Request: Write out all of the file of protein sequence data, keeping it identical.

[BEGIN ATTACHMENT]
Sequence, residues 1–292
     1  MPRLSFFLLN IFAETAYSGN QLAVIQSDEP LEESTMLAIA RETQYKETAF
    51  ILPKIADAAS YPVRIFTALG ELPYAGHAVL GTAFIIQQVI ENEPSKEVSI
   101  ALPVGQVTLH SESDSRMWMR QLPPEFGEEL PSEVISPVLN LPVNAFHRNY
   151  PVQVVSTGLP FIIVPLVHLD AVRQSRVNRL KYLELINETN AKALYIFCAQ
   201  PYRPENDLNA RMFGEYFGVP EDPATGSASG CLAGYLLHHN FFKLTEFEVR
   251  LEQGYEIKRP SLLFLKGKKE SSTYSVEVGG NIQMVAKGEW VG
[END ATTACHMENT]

Sequence, residues 1–292
     1  MPRLSFFLLN IFAETAYSGN QLAVIQSDEP LEESTMLAIA RETQYKETAF
    51  ILPKIADAAS YPVRIFTALG ELPYAGHAVL GTAFIIQQVI ENEPSKEVSI
   101  ALPVGQVTLH SESDSRMWMR QLPPEFGEEL PSEVISPVLN LPVNAFHRNY
   151  PVQVVSTGLP FIIVPLVHLD AVRQSRVNRL KYLELINETN AKALYIFCAQ
   201  PYRPENDLNA RMFGEYFGVP EDPATGSASG CLAGYLLHHN FFKLTEFEVR
   251  LEQGYEIKRP SLLFLKGKKE SSTYSVEVGG NIQMVAKGEW VG